COVID-19 in B.C.: 832 new cases, 5 deaths in latest update
B.C. has recorded 832 more cases of COVID-19 over the last 24 hours, as well as five additional deaths from the disease.
The new cases bring B.C.'s rolling seven-day average to a new record high of 873 per day.
Provincial health officer Dr. Bonnie Henry and Health Minister Adrian Dix provided the latest updates during a live briefing on Thursday.
There have now been 100,880 cases of COVID-19 and 1,463 related deaths in B.C. since the pandemic began.
Currently there are 296 people who are hospitalized with the coronavirus, 79 of them in intensive care.
Details on active cases, recoveries and newly identified coronavirus variants of concern were released in a written statement Thursday evening.
B.C.'s active caseload has grown to 7,571, the highest number it has reached in 2021. The last time there were more active cases in the province was on Dec. 31.
The written statement also announced 90 new cases of variants of concern, leaving the province with a total of 2,643 that have been identified so far.
The vast majority of those - 2,214 - have been the B.1.1.7 variant commonly associated with the U.K. There have also been 50 cases of the B.1.351 variant associated with South Africa and 379 cases of the P.1 variant associated with Brazil.
A total of 192 variant cases are active in B.C. The rest of the people who have been infected with a coronavirus variant of concern are now considered recovered.
B.C. has administered another 31,569 doses of COVID-19 vaccines over the last 24 hours, bringing the total to 787,649. There have now been 700,255 first-doses of vaccine administered in the province, enough to vaccinate 13.6 per cent of residents.
Thursday's update comes after a day on which B.C. set a record for new cases in a single day and surpassed the grim milestone of 100,000 total infections.
Henry acknowledged the milestone during her briefing and took the time as an opportunity to answer some questions she says she's been asked frequently in recent days.
Among them were questions about the interval between vaccine doses and the "safety signal" that prompted the province to put the use of the AstraZeneca vaccine on pause for residents under age 55.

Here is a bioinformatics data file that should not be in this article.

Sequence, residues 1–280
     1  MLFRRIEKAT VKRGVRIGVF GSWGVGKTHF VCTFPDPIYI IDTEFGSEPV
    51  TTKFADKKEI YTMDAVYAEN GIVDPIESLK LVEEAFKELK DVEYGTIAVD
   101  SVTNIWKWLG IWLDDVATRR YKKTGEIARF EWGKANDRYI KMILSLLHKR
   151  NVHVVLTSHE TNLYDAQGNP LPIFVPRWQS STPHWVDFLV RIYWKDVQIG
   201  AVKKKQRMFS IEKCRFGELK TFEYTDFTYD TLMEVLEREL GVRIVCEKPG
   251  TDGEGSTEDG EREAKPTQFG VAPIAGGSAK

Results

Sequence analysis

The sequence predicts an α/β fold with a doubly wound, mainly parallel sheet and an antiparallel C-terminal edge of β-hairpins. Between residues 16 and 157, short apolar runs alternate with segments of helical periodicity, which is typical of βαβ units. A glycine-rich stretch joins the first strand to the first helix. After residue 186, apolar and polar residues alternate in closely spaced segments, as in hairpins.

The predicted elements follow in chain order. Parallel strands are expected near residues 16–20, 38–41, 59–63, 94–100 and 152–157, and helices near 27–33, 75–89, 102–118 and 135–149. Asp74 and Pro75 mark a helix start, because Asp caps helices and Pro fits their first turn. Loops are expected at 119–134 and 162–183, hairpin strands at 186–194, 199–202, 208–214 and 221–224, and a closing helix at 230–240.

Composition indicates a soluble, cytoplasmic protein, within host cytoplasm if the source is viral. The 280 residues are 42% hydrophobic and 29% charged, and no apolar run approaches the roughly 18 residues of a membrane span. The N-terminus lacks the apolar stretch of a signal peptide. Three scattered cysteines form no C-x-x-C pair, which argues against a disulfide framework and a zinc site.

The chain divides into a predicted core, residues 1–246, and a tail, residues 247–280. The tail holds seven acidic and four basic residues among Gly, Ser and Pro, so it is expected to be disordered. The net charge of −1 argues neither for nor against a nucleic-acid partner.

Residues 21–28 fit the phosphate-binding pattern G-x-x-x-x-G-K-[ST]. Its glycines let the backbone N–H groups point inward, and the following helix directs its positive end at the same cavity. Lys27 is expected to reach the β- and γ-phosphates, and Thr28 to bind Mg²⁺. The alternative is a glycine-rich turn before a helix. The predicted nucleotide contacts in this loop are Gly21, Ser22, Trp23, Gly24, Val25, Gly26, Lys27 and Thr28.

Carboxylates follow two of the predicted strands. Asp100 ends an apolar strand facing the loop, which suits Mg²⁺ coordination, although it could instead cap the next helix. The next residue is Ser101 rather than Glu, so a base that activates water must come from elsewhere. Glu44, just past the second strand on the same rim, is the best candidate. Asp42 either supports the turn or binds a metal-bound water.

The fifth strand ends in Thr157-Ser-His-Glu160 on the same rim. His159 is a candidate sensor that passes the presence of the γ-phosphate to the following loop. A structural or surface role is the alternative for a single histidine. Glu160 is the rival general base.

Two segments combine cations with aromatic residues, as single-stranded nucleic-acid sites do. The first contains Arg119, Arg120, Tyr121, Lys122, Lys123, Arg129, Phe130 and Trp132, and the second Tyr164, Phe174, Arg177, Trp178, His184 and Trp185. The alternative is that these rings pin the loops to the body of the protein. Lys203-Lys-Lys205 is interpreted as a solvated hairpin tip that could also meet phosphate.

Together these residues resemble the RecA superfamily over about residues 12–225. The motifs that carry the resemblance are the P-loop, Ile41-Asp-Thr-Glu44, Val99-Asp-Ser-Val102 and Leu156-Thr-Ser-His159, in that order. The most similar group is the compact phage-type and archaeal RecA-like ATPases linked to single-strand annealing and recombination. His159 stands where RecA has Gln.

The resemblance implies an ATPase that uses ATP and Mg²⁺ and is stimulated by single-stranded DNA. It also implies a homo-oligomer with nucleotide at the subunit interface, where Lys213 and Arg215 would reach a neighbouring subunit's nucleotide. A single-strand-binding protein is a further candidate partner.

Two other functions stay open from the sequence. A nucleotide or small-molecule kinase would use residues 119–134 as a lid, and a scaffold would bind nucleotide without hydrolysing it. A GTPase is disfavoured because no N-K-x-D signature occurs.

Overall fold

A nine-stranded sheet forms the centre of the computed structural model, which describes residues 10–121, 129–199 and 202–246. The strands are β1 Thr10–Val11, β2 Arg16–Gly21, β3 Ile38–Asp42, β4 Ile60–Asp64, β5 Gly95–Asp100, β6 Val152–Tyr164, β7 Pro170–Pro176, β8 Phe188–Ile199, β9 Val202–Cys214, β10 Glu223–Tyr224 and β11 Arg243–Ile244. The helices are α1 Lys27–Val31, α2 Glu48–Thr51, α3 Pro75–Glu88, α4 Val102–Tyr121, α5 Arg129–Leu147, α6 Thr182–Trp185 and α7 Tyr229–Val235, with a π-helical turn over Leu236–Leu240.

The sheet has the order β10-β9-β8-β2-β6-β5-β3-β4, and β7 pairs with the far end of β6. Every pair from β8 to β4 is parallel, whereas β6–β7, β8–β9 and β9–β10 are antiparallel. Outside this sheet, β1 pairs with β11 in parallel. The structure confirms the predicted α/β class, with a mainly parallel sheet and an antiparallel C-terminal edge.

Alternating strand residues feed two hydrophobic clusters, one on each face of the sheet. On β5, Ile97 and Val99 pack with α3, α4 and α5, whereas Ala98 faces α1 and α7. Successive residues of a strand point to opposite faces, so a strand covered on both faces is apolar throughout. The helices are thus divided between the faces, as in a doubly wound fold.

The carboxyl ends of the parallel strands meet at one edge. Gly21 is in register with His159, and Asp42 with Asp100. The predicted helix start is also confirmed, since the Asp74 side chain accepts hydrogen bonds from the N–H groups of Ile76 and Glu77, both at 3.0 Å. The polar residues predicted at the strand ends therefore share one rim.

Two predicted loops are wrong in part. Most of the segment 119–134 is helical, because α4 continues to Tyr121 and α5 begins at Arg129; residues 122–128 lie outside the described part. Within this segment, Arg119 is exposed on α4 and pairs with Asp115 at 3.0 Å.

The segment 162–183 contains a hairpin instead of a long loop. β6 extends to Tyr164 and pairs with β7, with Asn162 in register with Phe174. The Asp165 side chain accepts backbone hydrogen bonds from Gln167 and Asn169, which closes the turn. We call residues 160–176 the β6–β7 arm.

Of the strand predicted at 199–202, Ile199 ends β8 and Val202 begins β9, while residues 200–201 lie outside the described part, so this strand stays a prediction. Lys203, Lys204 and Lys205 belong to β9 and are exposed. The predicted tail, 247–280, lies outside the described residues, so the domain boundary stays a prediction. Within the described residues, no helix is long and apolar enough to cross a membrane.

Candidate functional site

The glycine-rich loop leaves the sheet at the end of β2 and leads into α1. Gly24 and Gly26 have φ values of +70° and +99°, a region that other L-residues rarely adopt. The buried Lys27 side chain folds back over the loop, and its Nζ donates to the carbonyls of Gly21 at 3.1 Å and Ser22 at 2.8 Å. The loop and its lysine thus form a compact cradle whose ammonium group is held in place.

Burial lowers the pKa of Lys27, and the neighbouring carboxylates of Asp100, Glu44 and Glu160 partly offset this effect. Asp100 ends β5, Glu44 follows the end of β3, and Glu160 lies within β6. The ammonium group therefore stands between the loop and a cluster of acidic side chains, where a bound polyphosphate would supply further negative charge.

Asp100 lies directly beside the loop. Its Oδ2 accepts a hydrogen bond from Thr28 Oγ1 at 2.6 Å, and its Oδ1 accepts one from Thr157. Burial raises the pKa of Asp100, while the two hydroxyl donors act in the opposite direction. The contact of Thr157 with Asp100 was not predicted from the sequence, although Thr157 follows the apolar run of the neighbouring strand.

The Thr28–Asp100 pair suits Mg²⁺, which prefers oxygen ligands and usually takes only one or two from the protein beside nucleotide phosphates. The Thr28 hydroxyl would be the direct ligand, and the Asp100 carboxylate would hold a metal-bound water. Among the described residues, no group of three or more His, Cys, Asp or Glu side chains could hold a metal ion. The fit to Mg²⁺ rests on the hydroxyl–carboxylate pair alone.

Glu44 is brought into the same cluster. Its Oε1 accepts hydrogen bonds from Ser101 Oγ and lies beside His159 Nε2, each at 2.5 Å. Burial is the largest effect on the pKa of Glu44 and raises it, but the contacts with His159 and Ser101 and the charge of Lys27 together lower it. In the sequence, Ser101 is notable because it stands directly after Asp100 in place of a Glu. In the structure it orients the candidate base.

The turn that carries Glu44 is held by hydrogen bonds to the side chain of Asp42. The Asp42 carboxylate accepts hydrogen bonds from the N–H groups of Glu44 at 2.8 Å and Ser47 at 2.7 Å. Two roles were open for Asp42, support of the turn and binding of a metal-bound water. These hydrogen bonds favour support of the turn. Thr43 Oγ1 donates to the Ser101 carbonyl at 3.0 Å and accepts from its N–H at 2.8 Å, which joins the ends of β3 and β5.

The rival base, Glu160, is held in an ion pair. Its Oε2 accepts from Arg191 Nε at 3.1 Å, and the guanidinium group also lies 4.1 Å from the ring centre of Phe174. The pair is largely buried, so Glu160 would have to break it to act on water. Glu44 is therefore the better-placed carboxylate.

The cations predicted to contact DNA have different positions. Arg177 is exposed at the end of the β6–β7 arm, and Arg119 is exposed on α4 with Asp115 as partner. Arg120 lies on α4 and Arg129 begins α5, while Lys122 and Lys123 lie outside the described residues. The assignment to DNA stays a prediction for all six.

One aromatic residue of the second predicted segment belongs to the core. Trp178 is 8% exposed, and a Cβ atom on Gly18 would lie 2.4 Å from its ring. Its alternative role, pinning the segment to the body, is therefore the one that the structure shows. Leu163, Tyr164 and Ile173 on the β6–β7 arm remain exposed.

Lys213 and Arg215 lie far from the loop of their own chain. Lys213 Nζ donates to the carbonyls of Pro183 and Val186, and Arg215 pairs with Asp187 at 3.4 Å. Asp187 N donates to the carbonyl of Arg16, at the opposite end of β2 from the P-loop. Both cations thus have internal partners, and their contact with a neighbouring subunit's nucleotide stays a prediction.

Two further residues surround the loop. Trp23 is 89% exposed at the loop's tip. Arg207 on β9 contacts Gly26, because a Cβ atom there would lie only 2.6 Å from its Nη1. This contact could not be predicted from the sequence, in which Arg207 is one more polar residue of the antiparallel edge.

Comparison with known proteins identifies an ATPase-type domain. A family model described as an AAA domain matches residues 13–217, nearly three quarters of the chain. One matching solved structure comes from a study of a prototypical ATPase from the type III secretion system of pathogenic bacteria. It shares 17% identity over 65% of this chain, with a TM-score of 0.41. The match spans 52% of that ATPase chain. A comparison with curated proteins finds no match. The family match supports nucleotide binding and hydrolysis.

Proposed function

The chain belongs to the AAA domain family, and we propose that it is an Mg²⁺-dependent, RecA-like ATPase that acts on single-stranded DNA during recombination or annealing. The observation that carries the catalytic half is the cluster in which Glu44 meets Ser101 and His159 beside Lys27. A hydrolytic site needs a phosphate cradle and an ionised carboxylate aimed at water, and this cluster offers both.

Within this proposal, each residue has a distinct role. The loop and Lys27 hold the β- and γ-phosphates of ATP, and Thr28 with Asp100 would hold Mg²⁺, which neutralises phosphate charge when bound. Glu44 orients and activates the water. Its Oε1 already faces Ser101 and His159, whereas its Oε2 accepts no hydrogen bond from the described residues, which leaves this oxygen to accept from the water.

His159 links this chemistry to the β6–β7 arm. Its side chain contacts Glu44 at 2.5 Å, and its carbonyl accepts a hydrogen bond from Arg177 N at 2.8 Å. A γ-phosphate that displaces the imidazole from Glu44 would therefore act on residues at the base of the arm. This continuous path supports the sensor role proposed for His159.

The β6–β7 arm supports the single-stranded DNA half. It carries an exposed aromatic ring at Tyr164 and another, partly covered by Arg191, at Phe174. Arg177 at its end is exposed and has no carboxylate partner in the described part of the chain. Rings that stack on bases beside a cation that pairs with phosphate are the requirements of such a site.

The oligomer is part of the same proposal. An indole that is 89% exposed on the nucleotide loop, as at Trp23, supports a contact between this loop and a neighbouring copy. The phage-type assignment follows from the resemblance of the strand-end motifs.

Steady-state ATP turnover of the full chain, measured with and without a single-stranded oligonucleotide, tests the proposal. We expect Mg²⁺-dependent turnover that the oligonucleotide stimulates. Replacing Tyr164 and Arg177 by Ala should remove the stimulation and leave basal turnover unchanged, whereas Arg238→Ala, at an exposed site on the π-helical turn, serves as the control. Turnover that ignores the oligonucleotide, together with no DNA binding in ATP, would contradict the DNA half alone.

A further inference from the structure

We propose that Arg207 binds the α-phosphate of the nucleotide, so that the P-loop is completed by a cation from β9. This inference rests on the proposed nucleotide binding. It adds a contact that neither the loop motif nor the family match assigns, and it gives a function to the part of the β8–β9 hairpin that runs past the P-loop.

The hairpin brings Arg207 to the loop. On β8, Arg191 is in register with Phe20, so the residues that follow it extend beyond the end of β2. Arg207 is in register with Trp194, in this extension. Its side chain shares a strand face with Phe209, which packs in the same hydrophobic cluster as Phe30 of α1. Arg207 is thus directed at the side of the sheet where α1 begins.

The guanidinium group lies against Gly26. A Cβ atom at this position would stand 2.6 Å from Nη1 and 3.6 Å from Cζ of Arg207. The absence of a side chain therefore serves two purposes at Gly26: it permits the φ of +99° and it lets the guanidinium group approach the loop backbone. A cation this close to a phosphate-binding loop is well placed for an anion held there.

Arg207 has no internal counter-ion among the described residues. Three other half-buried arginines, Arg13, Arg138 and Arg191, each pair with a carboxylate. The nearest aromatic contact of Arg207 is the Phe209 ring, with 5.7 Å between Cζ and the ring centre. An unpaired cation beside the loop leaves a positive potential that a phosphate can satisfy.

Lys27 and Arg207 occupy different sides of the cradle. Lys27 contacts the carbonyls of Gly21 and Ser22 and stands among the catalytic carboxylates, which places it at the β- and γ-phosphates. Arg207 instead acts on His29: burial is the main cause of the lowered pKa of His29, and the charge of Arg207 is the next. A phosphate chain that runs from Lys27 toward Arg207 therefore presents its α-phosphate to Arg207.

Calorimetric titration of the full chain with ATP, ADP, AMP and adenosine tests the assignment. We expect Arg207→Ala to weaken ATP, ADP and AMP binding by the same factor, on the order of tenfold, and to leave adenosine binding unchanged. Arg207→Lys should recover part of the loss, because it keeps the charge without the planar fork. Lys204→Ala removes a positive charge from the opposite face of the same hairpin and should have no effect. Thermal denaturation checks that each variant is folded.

The provincial health officer reiterated that the four-month timeline between doses will allow B.C. to provide a first dose to as many people as possible as quickly as possible, and added that researchers are still studying the effects of delaying the second dose for various lengths of time.
Some vaccines become more effective if the booster shot is delayed, Henry said, though she stressed that second doses in B.C. are on track to be offered sooner than the four-month maximum currently recommended.
"The second dose will be offered as soon as all eligible people in British Columbia have received their first dose, or at least been offered their first dose," Henry said. "In most cases, that will mean less than four months."
On the AstraZeneca vaccine, which has been linked to very rare instances of blood clotting in other parts of the world, Henry reiterated that the vaccine is effective and still recommended for people 55 and up.
It's use in younger people remains on hold while B.C. officials await updated guidance from Health Canada, which has forced the province to pause its plans to offer AstraZeneca to frontline workers and first responders.
"We're going to need to regroup and we will come back early next week as soon as we have more information on how we're going to move forward with that program," Henry said.
With the Easter long weekend set to begin, Henry also addressed travel guidelines, saying travel remains risky and now is not the time to leave one's local community.
"If you are in doubt at all this weekend, just don't go," she said. "A good guideline is to think about staying within the area where you would go for a day trip. If it requires an overnight stay, a vacation rental, then it is not a good idea right now."
"We do have an end in sight," the provincial health officer added. "All of this talk about vaccines and how well they are going to work in our communities is in sight, but it's not here yet."